While negotiations for a political settlement for the future of Namibia (South West Africa) continue, a novel United Nations experiment is already training Namibians as administrators to run the government when their country becomes independent.
CU & LV Symbol of U.N. Institute for Namibia, and EXTERIOR Institute building (2 shots)
LV PAN EXTERIOR Institute
LV PAN INT Students in class
LV & CU Students in library (2 shots)
CU & SV Secretary in office (2 shots)
SV Student receiving treatment in infirmary
LV EXT Students' quarters
SV PAN INT Student in his quarters
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Background: While negotiations for a political settlement for the future of Namibia (South West Africa) continue, a novel United Nations experiment is already training Namibians as administrators to run the government when their country becomes independent.
SYNOPSIS: The training is carried out at the United Nations Institute for Namibia, a special centre set up in Lusaka, capital of Zambia. It was officially opened by President Kaunda eighteen months ago. More than 25 countries and other United Nations agencies contribute to the costs of running the Institute. Last year the budget was just over 2 1/2 million dollars (U.S.).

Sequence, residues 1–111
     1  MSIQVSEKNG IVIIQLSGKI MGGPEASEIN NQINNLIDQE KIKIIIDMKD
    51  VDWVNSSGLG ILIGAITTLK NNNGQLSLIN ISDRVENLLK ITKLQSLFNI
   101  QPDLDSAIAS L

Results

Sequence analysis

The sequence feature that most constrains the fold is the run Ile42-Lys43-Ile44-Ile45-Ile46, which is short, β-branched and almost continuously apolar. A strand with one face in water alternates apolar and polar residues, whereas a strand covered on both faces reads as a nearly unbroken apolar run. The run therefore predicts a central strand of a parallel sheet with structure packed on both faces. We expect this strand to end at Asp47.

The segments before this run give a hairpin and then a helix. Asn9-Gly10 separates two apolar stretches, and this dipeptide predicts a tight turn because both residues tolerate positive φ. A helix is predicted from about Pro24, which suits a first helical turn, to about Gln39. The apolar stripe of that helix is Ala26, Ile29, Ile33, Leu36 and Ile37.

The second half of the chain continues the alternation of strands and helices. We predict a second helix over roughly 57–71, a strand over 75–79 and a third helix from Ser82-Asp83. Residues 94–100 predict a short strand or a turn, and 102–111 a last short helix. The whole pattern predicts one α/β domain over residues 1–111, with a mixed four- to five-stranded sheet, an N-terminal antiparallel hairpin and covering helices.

Drawing on the experience of the past, when the transition to independence proved difficult for many colonial and dependent territories because they lacked qualified people to take over the administration, the United Nations, which has special responsibilities in Namibia, decided to act ahead of the event. The Institute was the result. Here students are trained in a broad range of subjects, such as economics, public administration and English, which would help to make a new government function properly. Many of the students who attend the Institute are refugees. It's estimated there are more than 3,500 Namibian refugees in Zambia alone.
The institute was designed for offer full facilities for 75 students, but the courses are so popular, that enrolment is now over 200, and there are growing problems of overcrowding. There is another, more fundamental problem which faces the students. Instruction at the Institute is in English. But as most of the students received their earlier education in the Bantu language, special emphasis has to be given to the study of English.